Phylum Chordata

Chordates are placed in the superphylum Deuterostomia. The possible relationships of the chordates and deuterostomes to other metazoans are discussed in Halanych (2004). He restricts the taxon of deuterostomes to the chordates and their proposed immediate sister group, a taxon comprising the hemichordates, echinoderms, and the wormlike Xenoturbella.

The phylum Chordata has been used by most recent workers to encompass members of the subphyla Urochordata (tunicates or sea-squirts), Cephalochordata (lancelets), and Craniata (fishes, amphibians, reptiles, birds, and mammals). The Cephalochordata and Craniata form a mono-phyletic group (e.g., Cameron et al., 2000; Halanych, 2004). Much disagreement exists concerning the interrelationships and classification of the Chordata, and the inclusion of the urochordates as sister to the cephalochor-dates and craniates is not as broadly held as the sister-group relationship of cephalochordates and craniates (Halanych, 2004).

Many exciting fossil finds in recent years reveal what the first fishes may have looked like, and these finds push the fossil record of fishes back into the early Cambrian, far further back than previously known. There is still much difference of opinion on the phylogenetic position of these new Cambrian species, and many new discoveries and changes in early fish systematics may be expected over the next decade. As noted by Halanych (2004), D.-G. (D.) Shu and collaborators have discovered fossil ascidians (e.g., Cheungkongella), cephalochordate-like yunnanozoans (Haikouella and Yunnanozoon), and jaw-less craniates (Myllokunmingia, and its junior synonym Haikouichthys) over the last few years that push the origins of these three major taxa at least into the Lower Cambrian (approximately 530-540 million years ago). The Lower Cambrian jawless (agnathan) vertebrate specimens, of about 530 million years age, lacking bone but with well-preserved soft anatomy, were found in Yunnan, China (Janvier, 1999; Shu et al., 1999). Shu et al. (1999), in reporting this discovery, presented a phylogeny suggesting that Myllokunmingia is sister to the remaining vertebrates and Haikouichthys is sister to a clade with lampreys. Shu et al. (2003a), in describing additional detail from more specimens of Haikouichthys ercaicunensis, felt it either formed a trichotomy with hag-fishes and all other vertebrates (and possibly is a stem craniate), or that it is the sister group to all other vertebrates except hagfishes, in a position similar to that of Myllokunmingia. In further clarification, Xian-guang et al. (2002) described details of a new specimen co-occurring with the nominal Myllokunmingia fengjiaoa and Haikouichthys ercaicunensis and concluded that all are conspecific; the oldest name Myllokunmingia fengjiaoa is appropriate. Characters include filamentous gills, V-shaped myomeres, and a distinct dorsal fin (the latter indicating a more derived condition than in the hagfish). Their phylogenetic analysis suggested that Myllokunmingia is either the sister group to the lampreys, or the sister group to the lampreys plus skeletonized vertebrates. Shu et al. (2003b) and Shu and Morris (2003) proposed that the Lower Cambrian yunnanozoans, Haikouella and Yunnanozoon, are stem-group deuterostomes, and questionably placed them in the phylum Vetulicolia, class Yunnanozoa, family Yunnanozoidae (= Yunnanozoonidae) (with the relationship to fossil calcichordates being unknown). However, in presenting a different interpretation of the possible phylogenetic position of Haikouella, Mallatt et al. (2003) interpreted it as not just a nonchordate stem-group deuterostome, but as the immediate sister group of vertebrates.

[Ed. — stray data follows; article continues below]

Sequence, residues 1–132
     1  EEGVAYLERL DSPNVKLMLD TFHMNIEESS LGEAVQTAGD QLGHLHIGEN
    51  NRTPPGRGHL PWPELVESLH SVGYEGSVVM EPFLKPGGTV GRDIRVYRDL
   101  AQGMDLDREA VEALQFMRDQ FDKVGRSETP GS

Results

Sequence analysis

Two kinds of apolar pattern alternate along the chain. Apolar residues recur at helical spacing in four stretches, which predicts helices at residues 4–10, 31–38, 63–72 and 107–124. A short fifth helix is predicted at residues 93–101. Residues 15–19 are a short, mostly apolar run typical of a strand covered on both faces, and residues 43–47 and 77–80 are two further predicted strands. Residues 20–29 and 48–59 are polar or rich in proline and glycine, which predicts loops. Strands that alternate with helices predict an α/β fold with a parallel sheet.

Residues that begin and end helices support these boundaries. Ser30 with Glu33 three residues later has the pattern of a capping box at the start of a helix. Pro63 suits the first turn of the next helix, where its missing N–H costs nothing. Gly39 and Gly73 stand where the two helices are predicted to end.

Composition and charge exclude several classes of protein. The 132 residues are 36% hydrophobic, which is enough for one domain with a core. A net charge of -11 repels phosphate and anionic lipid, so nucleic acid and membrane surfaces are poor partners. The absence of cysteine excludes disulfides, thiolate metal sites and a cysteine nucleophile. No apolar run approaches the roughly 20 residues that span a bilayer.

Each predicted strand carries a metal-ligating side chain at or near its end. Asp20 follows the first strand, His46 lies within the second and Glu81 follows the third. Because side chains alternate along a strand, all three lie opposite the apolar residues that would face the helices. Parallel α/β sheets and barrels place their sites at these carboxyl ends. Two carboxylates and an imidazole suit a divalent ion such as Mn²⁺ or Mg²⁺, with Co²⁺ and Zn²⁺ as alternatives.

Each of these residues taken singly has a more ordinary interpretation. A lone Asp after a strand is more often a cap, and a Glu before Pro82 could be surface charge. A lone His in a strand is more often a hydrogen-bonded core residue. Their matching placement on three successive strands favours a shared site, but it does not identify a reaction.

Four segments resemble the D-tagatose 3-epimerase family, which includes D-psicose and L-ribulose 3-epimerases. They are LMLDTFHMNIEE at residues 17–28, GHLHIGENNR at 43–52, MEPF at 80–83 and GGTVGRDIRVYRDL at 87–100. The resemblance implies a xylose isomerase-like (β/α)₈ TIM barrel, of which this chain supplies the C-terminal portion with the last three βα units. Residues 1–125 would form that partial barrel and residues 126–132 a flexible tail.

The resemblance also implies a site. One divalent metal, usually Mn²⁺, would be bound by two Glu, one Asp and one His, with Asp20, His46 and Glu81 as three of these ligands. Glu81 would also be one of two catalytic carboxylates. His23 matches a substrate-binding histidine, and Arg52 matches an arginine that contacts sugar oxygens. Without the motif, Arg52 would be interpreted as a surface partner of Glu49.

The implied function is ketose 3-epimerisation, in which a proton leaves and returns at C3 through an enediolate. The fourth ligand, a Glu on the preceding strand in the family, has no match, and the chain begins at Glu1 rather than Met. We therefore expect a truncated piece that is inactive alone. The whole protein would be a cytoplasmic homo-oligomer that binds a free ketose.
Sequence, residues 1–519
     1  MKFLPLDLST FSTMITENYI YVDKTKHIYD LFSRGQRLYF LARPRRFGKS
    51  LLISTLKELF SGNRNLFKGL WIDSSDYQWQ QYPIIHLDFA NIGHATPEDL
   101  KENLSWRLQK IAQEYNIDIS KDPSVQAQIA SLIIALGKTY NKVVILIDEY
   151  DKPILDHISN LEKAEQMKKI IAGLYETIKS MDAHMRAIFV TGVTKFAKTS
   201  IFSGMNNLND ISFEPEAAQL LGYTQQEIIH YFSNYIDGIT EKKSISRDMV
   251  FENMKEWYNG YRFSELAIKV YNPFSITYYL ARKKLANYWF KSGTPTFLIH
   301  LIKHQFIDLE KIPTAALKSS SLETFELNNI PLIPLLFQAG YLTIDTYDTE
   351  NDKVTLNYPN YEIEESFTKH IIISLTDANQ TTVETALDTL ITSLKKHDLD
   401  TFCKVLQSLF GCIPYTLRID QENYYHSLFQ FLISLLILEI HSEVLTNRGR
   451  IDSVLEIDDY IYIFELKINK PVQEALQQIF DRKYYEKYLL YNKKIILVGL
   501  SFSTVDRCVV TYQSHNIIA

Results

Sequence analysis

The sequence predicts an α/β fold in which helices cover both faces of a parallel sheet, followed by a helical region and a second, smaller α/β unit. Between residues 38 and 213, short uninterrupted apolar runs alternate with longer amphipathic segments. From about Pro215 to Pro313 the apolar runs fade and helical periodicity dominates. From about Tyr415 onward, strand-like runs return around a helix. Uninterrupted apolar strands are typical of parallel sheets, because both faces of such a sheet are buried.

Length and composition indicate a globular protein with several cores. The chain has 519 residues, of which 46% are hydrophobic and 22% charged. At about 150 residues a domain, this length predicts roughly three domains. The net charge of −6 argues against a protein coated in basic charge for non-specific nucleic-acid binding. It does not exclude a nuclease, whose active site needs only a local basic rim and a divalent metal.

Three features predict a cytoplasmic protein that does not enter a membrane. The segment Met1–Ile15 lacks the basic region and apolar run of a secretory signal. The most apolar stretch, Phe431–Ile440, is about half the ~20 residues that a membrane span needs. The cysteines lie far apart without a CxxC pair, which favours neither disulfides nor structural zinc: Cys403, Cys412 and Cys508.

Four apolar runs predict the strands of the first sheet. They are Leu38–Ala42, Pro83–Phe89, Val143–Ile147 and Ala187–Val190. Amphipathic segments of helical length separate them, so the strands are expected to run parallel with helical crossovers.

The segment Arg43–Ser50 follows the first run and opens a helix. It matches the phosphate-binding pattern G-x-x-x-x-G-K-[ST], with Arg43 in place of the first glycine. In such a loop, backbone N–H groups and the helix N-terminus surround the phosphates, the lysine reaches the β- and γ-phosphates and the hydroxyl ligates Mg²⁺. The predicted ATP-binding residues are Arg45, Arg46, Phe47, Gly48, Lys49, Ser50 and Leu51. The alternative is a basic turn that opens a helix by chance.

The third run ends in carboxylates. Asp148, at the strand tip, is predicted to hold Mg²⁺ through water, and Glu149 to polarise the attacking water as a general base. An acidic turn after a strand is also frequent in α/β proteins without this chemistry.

A classification of the major taxa of the phylum Chordata, as an overview of what follows, is as follows:

Phylum Chordata

Subphylum Urochordata Subphylum Cephalochordata Subphylum Craniata

Superclass Myxinomorphi (with their sister group being the vertebrates, which comprise the following additional six jawless craniate or agnathan taxa and the gnathostomes, each ranked at the same level and sequenced as follows): Superclass Petromyzontomorphi fSuperclass Conodonta fSuperclass Pteraspidomorphi fSuperclass Anaspida fSuperclass Thelodonti fSuperclass Osteostracomorphi (possible sister group being the gnathostomes, as given below) Superclass Gnathostomata (jawed vertebrates) fClass Placodermi

Class Chondrichthyes (cartilaginous fishes, e.g., chimaeras, sharks, and rays) fClass Acanthodii

Class Actinopterygii (ray-finned fishes)

Class Sarcopterygii (includes coelacanths, lungfishes, and tetrapods)

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